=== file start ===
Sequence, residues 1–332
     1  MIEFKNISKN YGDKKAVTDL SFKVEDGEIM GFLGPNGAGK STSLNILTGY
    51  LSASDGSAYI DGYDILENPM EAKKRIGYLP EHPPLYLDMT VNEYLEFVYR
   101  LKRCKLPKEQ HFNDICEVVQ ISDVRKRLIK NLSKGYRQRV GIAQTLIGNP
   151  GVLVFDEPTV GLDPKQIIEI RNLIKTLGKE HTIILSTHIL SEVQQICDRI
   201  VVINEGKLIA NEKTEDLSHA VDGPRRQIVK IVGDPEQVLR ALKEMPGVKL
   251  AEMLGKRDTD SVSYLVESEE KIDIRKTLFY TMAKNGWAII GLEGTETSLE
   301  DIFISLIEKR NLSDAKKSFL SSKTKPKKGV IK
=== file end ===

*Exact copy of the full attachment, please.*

Sequence, residues 1–332
     1  MIEFKNISKN YGDKKAVTDL SFKVEDGEIM GFLGPNGAGK STSLNILTGY
    51  LSASDGSAYI DGYDILENPM EAKKRIGYLP EHPPLYLDMT VNEYLEFVYR
   101  LKRCKLPKEQ HFNDICEVVQ ISDVRKRLIK NLSKGYRQRV GIAQTLIGNP
   151  GVLVFDEPTV GLDPKQIIEI RNLIKTLGKE HTIILSTHIL SEVQQICDRI
   201  VVINEGKLIA NEKTEDLSHA VDGPRRQIVK IVGDPEQVLR ALKEMPGVKL
   251  AEMLGKRDTD SVSYLVESEE KIDIRKTLFY TMAKNGWAII GLEGTETSLE
   301  DIFISLIEKR NLSDAKKSFL SSKTKPKKGV IK